The snowy roads may deter some, but not you! Wanderlust doesn’t hibernate – get out there and have some fun!
1. Ski Resorts
Our local resorts, Big Sky and Bridger Bowl offer excellent terrain for all abilities. But if a lift ticket to Big Sky is out of the budget, and you already know Bridger Bowl like the back of your hand, it’s time to check out some of the smaller (and cheaper) resorts around the state: Discovery Ski Area ($49), Maverick Mountain ($39), Showdown ($47), and Great Divide Ski Area ($48) are great for a quick weekend getaway without having to go too far. Bonus: ALL of these resorts are near the next hot-spots on the list..
2. Hot Springs
See what we did there? Living at the edge of the Yellowstone Caldera, we have a number of geothermal pools in the area. What’s better after a day on the hill than a soak in one of nature’s hot tubs? Chico Hot Springs, Bozeman Hot Springs, Norris Hot Springs, Fairmont Hot Springs Resort, Elkhorn Hot Springs, White Sulphur Springs, and Broadwater Hot Springs are just a few of the many places to soak that you probably haven’t been to a half-dozen times already. Bonus: some hot spring resorts also offer fine dining.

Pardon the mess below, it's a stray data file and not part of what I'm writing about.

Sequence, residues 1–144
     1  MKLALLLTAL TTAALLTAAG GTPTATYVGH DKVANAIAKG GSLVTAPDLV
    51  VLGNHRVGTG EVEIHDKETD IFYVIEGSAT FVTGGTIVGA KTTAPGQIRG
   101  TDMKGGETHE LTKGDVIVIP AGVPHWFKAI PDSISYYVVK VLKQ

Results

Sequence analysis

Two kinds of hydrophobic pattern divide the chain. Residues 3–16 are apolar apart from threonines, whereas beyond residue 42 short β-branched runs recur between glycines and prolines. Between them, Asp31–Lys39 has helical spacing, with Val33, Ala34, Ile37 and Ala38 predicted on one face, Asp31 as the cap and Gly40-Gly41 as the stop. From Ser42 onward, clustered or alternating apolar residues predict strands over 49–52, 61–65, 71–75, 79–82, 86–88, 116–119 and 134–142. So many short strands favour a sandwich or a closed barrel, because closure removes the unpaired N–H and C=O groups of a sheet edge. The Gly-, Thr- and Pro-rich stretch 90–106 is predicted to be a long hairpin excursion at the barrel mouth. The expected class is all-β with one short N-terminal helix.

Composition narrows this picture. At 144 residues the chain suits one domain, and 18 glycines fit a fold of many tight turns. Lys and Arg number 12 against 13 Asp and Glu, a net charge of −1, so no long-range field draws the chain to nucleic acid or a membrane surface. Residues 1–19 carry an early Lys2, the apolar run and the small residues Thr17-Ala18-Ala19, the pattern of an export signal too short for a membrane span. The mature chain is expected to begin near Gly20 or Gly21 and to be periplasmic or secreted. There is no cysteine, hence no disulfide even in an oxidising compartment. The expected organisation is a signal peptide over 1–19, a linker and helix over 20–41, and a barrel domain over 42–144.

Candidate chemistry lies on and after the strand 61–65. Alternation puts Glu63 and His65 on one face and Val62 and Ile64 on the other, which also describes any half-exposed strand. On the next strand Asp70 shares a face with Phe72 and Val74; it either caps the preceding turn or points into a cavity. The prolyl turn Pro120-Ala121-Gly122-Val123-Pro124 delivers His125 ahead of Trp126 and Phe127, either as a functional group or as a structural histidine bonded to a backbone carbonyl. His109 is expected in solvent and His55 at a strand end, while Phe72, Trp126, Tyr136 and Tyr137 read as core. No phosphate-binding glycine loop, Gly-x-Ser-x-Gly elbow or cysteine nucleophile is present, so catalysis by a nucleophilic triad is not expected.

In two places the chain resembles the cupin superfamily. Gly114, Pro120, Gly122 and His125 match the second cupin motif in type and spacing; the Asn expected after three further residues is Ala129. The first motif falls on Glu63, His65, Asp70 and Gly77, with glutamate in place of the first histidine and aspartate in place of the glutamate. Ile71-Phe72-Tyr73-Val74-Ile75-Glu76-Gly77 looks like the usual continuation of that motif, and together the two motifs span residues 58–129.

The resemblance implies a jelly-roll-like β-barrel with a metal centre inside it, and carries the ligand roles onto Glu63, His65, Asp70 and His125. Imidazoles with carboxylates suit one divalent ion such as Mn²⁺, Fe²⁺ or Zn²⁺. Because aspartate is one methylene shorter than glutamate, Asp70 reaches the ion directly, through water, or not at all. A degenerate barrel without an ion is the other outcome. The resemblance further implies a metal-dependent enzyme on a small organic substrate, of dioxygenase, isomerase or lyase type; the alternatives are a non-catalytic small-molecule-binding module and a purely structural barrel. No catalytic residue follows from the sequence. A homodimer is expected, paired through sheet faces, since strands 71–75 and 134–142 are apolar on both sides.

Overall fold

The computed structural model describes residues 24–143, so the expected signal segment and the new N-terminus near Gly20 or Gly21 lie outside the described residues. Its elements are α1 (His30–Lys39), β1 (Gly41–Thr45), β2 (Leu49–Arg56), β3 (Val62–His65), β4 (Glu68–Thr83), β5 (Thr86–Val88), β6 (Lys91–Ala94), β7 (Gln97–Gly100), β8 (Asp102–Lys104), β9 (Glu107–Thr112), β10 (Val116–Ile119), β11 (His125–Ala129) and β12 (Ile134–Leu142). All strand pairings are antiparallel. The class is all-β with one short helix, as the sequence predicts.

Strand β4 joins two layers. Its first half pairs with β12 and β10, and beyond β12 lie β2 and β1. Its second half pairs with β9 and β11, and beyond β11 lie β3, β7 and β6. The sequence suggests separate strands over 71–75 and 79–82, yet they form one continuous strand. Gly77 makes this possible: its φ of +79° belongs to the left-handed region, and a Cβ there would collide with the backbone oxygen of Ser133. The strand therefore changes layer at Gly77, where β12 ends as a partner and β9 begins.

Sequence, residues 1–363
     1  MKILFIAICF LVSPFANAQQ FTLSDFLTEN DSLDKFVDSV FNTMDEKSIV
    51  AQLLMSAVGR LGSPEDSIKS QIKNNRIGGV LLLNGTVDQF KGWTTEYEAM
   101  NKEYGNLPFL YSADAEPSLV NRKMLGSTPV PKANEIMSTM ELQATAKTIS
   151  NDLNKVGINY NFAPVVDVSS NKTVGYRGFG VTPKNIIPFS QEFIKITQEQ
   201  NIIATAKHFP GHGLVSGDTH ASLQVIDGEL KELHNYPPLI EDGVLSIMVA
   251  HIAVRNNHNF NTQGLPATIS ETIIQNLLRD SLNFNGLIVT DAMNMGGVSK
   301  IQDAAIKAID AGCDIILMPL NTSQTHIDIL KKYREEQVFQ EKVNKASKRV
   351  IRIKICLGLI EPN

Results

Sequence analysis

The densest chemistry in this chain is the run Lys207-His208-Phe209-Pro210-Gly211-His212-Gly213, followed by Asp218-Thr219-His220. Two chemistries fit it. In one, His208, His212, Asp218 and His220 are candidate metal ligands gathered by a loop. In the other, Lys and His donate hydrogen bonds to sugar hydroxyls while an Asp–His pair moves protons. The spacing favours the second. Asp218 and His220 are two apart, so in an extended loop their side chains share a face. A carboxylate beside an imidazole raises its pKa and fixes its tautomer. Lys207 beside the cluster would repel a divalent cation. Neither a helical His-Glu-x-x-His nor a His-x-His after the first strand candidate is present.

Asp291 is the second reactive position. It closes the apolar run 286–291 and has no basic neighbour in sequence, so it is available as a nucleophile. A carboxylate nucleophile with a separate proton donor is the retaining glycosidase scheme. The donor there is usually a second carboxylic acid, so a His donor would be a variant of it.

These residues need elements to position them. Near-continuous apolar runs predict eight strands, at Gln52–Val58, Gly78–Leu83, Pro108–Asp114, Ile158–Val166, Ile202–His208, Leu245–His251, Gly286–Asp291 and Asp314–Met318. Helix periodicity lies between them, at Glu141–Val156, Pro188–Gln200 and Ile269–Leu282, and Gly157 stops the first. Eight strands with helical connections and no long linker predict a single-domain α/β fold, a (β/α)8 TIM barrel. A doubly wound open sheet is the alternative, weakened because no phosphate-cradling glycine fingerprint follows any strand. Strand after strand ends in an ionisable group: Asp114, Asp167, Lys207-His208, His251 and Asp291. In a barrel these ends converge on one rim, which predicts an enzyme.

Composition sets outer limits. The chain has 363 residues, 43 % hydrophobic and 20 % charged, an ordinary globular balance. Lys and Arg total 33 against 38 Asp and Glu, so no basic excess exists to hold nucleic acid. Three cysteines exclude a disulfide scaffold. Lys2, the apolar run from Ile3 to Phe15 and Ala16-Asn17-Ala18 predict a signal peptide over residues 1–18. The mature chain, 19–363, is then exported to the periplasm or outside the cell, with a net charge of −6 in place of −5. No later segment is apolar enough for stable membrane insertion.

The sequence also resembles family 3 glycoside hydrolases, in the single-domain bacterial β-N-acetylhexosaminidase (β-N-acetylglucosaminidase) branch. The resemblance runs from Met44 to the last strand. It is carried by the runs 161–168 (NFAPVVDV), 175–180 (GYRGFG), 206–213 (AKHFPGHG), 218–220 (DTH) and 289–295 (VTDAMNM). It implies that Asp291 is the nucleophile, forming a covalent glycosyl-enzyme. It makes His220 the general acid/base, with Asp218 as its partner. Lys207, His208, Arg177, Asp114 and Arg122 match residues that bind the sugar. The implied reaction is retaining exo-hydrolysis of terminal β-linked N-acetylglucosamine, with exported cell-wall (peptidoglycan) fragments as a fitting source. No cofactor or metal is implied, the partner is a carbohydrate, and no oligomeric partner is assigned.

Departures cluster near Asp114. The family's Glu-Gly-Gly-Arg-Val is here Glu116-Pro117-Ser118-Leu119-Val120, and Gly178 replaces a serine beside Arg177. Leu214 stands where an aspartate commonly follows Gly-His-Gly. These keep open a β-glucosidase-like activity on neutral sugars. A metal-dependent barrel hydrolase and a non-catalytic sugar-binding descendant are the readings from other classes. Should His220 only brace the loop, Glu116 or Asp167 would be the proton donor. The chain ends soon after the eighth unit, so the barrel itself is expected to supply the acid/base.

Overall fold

3. Wildlife viewing.
The cooler temps and fewer tourists can make wildlife easier to spot. The north entrance to Yellowstone National Park is the only entrance accessible by automobiles year-round. Take a wintery drive from Gardiner to Cooke City (end of the road) and along the way, you are sure to see many elk, bison and raptors – possibly foxes, moose, wolves, weasels, antelope, and bighorn sheep. Mountain lions are plentiful in the area but are rarely seen due to their nocturnal and elusive nature. The west entrance to Yellowstone National Park through West Yellowstone is not open to private automobiles during winter, but there are several options for guided snow-coach and snowmobile tours into the park.